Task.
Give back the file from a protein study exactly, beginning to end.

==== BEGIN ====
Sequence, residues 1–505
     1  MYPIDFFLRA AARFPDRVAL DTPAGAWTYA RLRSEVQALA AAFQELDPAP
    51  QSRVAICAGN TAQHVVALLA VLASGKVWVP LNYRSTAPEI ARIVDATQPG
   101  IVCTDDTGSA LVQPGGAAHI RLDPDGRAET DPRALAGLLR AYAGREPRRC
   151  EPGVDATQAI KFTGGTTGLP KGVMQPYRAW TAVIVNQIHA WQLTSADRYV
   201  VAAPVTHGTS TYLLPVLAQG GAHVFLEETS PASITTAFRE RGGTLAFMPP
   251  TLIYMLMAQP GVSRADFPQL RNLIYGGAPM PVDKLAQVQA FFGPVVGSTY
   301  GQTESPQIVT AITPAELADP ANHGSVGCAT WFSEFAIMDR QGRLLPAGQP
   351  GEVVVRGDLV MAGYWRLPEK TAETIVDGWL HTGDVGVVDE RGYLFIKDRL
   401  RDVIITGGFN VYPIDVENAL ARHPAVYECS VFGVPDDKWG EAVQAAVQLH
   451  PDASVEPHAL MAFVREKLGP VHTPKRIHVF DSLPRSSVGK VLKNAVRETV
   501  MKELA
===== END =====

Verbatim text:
Sequence, residues 1–505
     1  MYPIDFFLRA AARFPDRVAL DTPAGAWTYA RLRSEVQALA AAFQELDPAP
    51  QSRVAICAGN TAQHVVALLA VLASGKVWVP LNYRSTAPEI ARIVDATQPG
   101  IVCTDDTGSA LVQPGGAAHI RLDPDGRAET DPRALAGLLR AYAGREPRRC
   151  EPGVDATQAI KFTGGTTGLP KGVMQPYRAW TAVIVNQIHA WQLTSADRYV
   201  VAAPVTHGTS TYLLPVLAQG GAHVFLEETS PASITTAFRE RGGTLAFMPP
   251  TLIYMLMAQP GVSRADFPQL RNLIYGGAPM PVDKLAQVQA FFGPVVGSTY
   301  GQTESPQIVT AITPAELADP ANHGSVGCAT WFSEFAIMDR QGRLLPAGQP
   351  GEVVVRGDLV MAGYWRLPEK TAETIVDGWL HTGDVGVVDE RGYLFIKDRL
   401  RDVIITGGFN VYPIDVENAL ARHPAVYECS VFGVPDDKWG EAVQAAVQLH
   451  PDASVEPHAL MAFVREKLGP VHTPKRIHVF DSLPRSSVGK VLKNAVRETV
   501  MKELA